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    Lebanon, Beware of the Irish Meltdown


    In 2006 one of us published an article in this newspaper asking whether Ireland could be a model for Lebanon. At the time there was great hope, in the words of one senior Lebanese central bank official, that Lebanon could become the “Ireland of the Middle East,” while a Daily Star editorial argued that Ireland provided “a path for Lebanon’s economic rebirth.”

    How times have changed.

    Fast forward to mid-2010 and the Irish economy is in tatters. Debt is piling, growth is negative and the banking system looks like it needs more infusions of taxpayer’s money to stay afloat. Not surprisingly, the mood in Ireland is one of confusion, anger and growing bitterness at the financial follies of the last few decades and the economic burdens they have now wrought for generations to come.

    In a sad reminder of times past, thousands are once again emigrating to look for a better life. Nevertheless, we still feel that Lebanon has something to learn from the rise and fall of the “Celtic Tiger.”

    So what should Lebanon learn from the Irish experience? The first lesson is to be careful of asset price bubbles, especially in housing. Over the last few years, in a development reminiscent of Ireland not so long ago, billions of dollars have been invested in Lebanese property by expatriates or foreigners buying homes and looking to take advantage of the rising returns from a booming market.

    So far the Lebanese authorities are confident that the rise in property prices is based on real demand, and more importantly that regulation is conservative as the central bank requires that loans not exceed 60 percent of the total value of a project.

    However, the first thing the Irish experience tells us is that policy-makers should never rely on their own forecasts that property bubbles will never burst, credit will never run out, or banking sectors will regulate themselves in a prudent manner. Instead, they should be responsive to the recommendations and heed the warnings of international financial institutions such as the International Monetary Fund.

    They should also pay more attention to the new trends and rules of the post-credit crisis world as well a the long history of asset price bubbles going back to the Dutch Tulip Bubble in the 17th century. Without doubt the most important lesson is the need to reign in credit growth and control spiralling debt. Lebanon has a huge public debt and is currently one of the most highly indebted nations in the world.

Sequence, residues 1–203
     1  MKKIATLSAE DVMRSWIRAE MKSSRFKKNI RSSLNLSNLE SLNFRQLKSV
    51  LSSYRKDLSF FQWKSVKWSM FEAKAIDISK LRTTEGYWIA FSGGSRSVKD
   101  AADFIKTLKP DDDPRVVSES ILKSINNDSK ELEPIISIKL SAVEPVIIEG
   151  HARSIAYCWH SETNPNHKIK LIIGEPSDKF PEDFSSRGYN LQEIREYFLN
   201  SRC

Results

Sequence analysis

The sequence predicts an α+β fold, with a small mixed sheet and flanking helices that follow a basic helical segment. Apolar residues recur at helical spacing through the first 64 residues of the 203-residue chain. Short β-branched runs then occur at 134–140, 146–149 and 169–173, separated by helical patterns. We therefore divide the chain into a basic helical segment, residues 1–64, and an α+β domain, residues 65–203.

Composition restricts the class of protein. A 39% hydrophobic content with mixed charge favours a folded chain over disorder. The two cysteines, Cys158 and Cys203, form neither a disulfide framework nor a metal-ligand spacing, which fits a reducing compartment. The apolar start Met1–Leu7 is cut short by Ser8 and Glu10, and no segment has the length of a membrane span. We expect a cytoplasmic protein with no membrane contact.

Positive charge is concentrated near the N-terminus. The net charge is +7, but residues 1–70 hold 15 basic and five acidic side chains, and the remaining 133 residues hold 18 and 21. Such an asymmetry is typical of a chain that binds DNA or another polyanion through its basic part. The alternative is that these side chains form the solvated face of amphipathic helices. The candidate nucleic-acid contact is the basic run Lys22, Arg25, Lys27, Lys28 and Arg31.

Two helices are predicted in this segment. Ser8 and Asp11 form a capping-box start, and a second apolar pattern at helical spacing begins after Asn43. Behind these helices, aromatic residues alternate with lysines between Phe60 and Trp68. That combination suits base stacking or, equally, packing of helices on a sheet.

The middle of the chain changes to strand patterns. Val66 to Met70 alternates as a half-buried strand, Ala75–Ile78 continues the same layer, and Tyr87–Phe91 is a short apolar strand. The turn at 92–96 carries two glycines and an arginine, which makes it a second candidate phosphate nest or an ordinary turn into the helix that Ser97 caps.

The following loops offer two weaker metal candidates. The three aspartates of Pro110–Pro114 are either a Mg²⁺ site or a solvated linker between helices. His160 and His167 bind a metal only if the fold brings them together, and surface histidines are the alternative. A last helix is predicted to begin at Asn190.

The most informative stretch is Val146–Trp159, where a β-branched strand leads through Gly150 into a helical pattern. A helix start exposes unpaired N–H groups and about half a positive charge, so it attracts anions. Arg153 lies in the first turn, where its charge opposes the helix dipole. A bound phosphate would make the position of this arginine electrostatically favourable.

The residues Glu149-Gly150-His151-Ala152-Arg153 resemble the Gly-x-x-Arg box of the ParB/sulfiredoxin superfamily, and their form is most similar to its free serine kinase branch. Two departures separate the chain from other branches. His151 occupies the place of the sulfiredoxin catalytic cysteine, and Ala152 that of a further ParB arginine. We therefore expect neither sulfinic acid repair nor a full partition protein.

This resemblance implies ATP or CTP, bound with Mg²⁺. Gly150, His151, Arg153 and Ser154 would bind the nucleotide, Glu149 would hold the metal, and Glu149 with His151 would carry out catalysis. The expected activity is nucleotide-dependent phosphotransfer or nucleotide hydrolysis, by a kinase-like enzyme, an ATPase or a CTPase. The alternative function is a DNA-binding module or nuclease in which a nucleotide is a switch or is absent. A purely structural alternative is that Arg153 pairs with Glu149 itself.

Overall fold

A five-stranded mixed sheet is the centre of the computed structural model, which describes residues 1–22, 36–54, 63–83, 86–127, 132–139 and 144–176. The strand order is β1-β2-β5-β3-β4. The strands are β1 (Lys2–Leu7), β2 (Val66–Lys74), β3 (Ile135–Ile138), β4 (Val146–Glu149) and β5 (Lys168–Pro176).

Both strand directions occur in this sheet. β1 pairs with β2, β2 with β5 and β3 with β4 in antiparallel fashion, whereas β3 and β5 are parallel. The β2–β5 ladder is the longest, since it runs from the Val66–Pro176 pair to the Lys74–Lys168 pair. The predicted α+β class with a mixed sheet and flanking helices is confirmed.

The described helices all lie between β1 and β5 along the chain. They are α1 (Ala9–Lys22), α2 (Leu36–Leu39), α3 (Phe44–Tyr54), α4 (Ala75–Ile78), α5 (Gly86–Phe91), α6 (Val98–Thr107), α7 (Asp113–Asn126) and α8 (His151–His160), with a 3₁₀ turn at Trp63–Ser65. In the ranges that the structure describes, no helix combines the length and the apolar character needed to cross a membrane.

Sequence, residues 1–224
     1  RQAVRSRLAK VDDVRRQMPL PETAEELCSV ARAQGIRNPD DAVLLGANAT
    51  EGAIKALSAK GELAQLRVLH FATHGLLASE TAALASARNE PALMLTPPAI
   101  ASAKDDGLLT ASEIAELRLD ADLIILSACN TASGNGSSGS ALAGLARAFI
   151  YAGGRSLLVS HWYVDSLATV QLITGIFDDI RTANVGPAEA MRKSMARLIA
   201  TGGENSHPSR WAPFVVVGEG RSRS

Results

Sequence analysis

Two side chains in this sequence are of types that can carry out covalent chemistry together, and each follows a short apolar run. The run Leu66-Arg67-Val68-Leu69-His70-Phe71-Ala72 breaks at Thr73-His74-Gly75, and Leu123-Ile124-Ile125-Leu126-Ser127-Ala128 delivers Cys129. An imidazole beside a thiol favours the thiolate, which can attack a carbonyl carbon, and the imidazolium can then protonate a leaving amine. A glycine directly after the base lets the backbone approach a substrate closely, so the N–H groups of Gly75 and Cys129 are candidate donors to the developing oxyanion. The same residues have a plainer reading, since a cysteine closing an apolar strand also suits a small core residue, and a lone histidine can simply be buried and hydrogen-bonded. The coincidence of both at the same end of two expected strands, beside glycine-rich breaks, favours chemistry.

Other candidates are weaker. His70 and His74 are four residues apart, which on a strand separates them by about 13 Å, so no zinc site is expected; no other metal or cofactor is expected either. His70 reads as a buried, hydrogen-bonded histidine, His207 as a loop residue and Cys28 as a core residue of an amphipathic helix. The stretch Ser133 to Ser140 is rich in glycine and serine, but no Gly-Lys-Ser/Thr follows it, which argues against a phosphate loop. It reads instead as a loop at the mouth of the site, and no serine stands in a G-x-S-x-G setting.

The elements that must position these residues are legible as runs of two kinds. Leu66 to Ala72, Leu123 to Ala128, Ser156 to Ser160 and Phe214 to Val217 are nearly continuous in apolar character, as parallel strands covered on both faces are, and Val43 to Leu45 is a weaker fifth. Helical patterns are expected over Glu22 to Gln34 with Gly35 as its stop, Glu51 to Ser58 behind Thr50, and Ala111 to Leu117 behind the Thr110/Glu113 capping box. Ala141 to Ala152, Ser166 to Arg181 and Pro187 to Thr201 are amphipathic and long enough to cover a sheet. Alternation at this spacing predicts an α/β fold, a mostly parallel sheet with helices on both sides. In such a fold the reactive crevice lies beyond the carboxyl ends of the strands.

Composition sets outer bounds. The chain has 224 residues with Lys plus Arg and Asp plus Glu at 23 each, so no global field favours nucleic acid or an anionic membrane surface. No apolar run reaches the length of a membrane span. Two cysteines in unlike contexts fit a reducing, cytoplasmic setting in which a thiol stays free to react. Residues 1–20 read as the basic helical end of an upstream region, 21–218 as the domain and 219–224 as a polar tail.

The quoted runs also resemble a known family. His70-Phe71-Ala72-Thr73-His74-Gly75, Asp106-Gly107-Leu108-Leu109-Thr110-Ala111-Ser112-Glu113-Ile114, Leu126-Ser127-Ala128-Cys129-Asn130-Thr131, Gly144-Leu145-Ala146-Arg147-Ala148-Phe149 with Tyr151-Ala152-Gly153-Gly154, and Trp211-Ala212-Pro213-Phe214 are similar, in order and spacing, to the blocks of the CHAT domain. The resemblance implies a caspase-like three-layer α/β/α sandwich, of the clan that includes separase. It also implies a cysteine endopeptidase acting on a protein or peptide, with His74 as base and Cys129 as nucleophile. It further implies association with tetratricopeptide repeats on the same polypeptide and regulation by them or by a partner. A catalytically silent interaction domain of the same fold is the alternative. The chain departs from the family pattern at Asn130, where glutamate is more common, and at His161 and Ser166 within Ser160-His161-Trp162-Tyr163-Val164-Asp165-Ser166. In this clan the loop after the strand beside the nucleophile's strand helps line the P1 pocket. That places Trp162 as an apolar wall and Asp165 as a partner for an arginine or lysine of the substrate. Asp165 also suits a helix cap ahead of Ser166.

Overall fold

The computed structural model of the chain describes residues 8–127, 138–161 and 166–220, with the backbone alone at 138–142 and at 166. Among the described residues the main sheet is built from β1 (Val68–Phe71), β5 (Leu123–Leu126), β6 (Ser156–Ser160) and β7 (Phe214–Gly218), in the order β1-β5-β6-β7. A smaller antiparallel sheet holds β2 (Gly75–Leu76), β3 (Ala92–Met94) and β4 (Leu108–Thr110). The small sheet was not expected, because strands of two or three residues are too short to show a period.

Servicing this debt, which currently stands at $51 billion, absorbs almost 30 percent of total government revenue. This has a direct impact on Lebanon’s capacity for growth as well as funds for education and infrastructure development – both of which are vital if the country wants to be competitive.

    This brings us to the second key lesson. In aiming to foster economic growth and prosperity, Lebanon needs to follow the Irish model and appreciate the key role of an educated young population. Even now, as its economy is under severe stress, Ireland ranks number one in the European Union in terms of the employability of its graduates. This provides an important asset as the country looks to rebuild.

    Lebanon also needs to heed the Irish lesson in terms of the value of “intangible” factors other than education. Economic openness and a friendly business climate, as well as an attractive tax system, are necessary ingredients in spurring economic development.

    In 2003, an international committee appointed by the Lebanese Finance Ministry to advise on tax policy cited Ireland as a case of good practice. Today, no less than then, the Irish tax model deserves serious study.

    The Irish experience also highlights two other important factors. One is to achieve a harmonious combination of local “assets” with international conditions, while at the same time putting in place local buffers to powerful international financial forces, such as the side effects of global interest rates and capital flows for example.

    In the Lebanese case, this means looking to diversify from over-reliance on the $6 billion, around a quarter of the country’s GDP, that is sent back to the country annually by wealthy expatriate communities. Moreover, Lebanon, should learn from Ireland’s failure to save some of the huge revenues generated over the last decade by using these massive inflows from expatriates prudently.

    With the benefit of Irish hindsight, it is also important to integrate economic policy-making with social, foreign policy and institutional elements of policy. This is difficult for Lebanon to emulate as Ireland’s economic attractiveness, in particular its success in attracting foreign direct investment, was predicated on political stability brought about by the Northern Ireland peace process.

    Lebanon is far from achieving similar levels of political stability.

    Nevertheless, the Irish experience not only suggests that strong political institutions are necessary pillars of a strong economy and healthy public life; as importantly, it also underlines that these institutions need to be continually reinvigorated and reinvented.

    Michael O’SULLIVAN & Rory MILLER
    The Daily Star

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